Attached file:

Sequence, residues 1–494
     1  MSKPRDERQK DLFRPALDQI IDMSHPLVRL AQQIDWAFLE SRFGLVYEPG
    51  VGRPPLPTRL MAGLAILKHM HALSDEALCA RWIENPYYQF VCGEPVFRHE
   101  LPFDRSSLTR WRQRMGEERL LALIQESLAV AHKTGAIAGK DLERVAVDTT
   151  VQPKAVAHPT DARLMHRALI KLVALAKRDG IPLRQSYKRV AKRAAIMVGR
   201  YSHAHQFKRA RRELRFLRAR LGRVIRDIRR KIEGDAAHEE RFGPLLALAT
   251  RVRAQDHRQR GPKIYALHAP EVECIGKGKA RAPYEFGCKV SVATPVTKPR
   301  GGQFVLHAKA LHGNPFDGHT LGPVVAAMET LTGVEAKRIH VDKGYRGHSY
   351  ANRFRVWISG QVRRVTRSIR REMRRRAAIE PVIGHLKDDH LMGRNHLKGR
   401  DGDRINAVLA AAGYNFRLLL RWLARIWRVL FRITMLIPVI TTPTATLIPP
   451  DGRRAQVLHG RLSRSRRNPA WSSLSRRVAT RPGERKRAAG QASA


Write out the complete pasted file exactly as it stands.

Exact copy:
Sequence, residues 1–494
     1  MSKPRDERQK DLFRPALDQI IDMSHPLVRL AQQIDWAFLE SRFGLVYEPG
    51  VGRPPLPTRL MAGLAILKHM HALSDEALCA RWIENPYYQF VCGEPVFRHE
   101  LPFDRSSLTR WRQRMGEERL LALIQESLAV AHKTGAIAGK DLERVAVDTT
   151  VQPKAVAHPT DARLMHRALI KLVALAKRDG IPLRQSYKRV AKRAAIMVGR
   201  YSHAHQFKRA RRELRFLRAR LGRVIRDIRR KIEGDAAHEE RFGPLLALAT
   251  RVRAQDHRQR GPKIYALHAP EVECIGKGKA RAPYEFGCKV SVATPVTKPR
   301  GGQFVLHAKA LHGNPFDGHT LGPVVAAMET LTGVEAKRIH VDKGYRGHSY
   351  ANRFRVWISG QVRRVTRSIR REMRRRAAIE PVIGHLKDDH LMGRNHLKGR
   401  DGDRINAVLA AAGYNFRLLL RWLARIWRVL FRITMLIPVI TTPTATLIPP
   451  DGRRAQVLHG RLSRSRRNPA WSSLSRRVAT RPGERKRAAG QASA